Before I get into it, with this post I am not claiming that health spending on physician services is the only or even the most important reason for overall health spending growth. What I’m really doing is documenting some figures I’ll be using in a talk. Since I went to the trouble of making a figure, and copying another, I might as well practice getting my thoughts straight about them here. You get to see the rough draft. (Lucky you. Of course, you can avert your eyes if you wish.)
We all know that Medicare has a physician fee schedule, the basic structure of which governs how private insurers pay physicians as well (which is not the same thing as saying private plans pay physicians the same rates as Medicare; they don’t). It’s the overall growth in Medicare physician fees that is the subject of much, and frequent, debate: the “doc fix.”
About that, last month Uwe Reinhardt posted some intriguing graphs that illustrate what a mockery the doc fix issue and the system it aims to “fix” have made of the control on costs they’re supposed to exert. From those, here’s the graph I’ve selected for my talk.
The lowest line in the first chart (in red) shows Medicare’s fee increases from 2000 to 2009. […]
[T]hat line is so much lower than the green line, which represents growth in the M.E.I. [Medicare economic index], the index that measures the annual increase in the cost of operating a medical practice. […]
Indeed, even if one assumed that the M.E.I. should be adjusted downward a bit because physicians should be able over time to increase the productivity with which practice inputs are used, basing fees on the productivity adjusted M.E.I. (the blue line) would still have raised Medicare’s physician fees substantially more than the actual fee increases.
Finally, however, the top line (in black) shows that, in spite of Medicare’s miserly fee updates [the red line], total Medicare spending on physician services per Medicare beneficiary actually has grown by fully 60 percent from 2000 to 2009, at an average annual compound rate of 5.4 percent.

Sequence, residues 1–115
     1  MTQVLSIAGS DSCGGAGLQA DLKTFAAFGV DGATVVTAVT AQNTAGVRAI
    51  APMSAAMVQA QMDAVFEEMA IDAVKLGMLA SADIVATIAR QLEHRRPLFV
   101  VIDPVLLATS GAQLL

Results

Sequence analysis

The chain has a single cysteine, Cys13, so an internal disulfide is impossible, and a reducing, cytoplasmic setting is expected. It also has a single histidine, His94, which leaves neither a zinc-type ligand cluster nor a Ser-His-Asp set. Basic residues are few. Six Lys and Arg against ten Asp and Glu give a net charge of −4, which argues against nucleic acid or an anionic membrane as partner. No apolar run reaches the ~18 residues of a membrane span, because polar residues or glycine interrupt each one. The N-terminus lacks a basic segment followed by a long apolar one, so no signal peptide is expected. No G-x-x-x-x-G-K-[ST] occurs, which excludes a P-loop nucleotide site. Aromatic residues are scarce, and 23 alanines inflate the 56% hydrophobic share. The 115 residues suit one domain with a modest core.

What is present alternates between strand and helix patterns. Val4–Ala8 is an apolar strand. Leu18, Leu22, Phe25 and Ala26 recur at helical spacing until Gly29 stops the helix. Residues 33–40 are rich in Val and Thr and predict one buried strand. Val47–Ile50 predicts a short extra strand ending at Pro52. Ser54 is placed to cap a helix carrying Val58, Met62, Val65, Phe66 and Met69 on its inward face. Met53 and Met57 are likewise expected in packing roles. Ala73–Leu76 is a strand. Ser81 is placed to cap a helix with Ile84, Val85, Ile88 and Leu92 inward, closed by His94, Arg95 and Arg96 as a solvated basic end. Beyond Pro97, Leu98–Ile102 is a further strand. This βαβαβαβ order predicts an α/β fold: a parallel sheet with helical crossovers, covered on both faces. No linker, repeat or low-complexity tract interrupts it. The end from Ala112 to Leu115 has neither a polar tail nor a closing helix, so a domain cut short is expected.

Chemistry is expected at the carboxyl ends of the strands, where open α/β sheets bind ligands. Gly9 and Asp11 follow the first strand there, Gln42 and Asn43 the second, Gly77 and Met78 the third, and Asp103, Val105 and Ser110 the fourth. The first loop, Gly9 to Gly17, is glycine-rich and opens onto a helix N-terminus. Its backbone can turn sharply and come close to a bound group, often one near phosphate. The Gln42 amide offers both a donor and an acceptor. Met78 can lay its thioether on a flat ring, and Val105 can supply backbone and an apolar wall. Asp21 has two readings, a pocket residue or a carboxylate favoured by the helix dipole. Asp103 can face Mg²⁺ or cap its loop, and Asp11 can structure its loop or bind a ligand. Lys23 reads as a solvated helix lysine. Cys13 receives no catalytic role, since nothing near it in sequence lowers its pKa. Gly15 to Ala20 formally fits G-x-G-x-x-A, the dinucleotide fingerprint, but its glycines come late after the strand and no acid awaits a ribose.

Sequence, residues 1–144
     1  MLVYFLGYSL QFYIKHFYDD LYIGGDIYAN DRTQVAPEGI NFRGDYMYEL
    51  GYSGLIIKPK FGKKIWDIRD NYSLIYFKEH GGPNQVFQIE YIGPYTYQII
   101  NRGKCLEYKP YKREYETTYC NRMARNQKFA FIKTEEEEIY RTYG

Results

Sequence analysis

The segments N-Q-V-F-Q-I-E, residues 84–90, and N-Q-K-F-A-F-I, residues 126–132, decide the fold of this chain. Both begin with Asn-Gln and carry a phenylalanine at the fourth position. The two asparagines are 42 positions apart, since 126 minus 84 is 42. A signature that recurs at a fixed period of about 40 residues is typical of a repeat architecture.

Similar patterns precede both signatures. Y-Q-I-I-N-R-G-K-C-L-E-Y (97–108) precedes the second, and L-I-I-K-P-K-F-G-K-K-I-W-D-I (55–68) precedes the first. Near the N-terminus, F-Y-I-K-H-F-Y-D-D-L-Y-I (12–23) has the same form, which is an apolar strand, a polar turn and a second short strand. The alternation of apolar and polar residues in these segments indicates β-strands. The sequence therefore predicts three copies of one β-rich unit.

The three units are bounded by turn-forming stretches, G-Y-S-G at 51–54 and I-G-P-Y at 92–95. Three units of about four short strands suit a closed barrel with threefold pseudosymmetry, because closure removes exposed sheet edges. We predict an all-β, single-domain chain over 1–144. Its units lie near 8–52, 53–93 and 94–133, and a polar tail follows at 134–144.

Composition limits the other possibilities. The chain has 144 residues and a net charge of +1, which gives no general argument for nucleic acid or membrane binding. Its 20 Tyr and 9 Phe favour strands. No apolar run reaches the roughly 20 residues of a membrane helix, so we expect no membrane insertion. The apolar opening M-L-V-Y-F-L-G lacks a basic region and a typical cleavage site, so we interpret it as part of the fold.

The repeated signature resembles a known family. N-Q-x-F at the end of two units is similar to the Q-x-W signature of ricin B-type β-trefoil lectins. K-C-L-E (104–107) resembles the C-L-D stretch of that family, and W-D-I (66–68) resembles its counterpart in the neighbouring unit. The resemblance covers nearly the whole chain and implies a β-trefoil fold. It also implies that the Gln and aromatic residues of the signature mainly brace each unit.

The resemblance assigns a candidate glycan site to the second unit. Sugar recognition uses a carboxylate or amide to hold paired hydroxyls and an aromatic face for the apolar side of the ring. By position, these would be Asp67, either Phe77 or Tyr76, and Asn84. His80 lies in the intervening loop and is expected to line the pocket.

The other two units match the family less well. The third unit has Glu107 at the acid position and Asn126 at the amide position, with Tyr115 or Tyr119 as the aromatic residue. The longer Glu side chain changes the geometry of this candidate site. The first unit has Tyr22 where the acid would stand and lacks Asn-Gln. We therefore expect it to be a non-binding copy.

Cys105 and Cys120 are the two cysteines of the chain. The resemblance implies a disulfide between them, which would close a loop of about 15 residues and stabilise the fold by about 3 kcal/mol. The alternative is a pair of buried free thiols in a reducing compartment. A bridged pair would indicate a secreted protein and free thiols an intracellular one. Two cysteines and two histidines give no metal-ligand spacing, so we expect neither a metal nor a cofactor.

(By email, Reinhardt wrote me that he believes the figures in the chart are not adjusted for overall inflation.)
What’s driving that huge increase in physician services spending? Not fee levels (the red line), but utilization. Medicare’s inability to control utilization is, by now, a familiar bugaboo of its payment system, the very reason for proposals of bundled payments, ACOs, and the like.
Since private plans piggyback on the structure, though not payment levels, of the Medicare physician payment system, I wondered how the rate of increase in spending by them compared. Unfortunately, after much searching, I could find no figure comparable to the one produced by Reinhardt, above. So, I made my own, using National Health Expenditure data for private plan physician spending and OECD/Census data for number of people insured by such plans. Here’s the resulting figure:
The black line is cumulative (nominal) growth in private plan spending on physician services per covered life. The red line, for comparison, is growth in (nominal) per capita GDP. Physician spending by private plans has far outpaced overall economic growth in the last decade.
Comparing the figures, private plan spending growth is above that of Medicare. So, perhaps Medicare’s controls on fees do have an effect, though clearly a modest one.
UPDATE: As pointed out in the comments, my use of the term “volume” above is not quite right. I should have written “utilization.” Read the comments for details.
UPDATE 2: The post and second figure have been redone because I learned that the Medicare figures are not adjusted for overall inflation.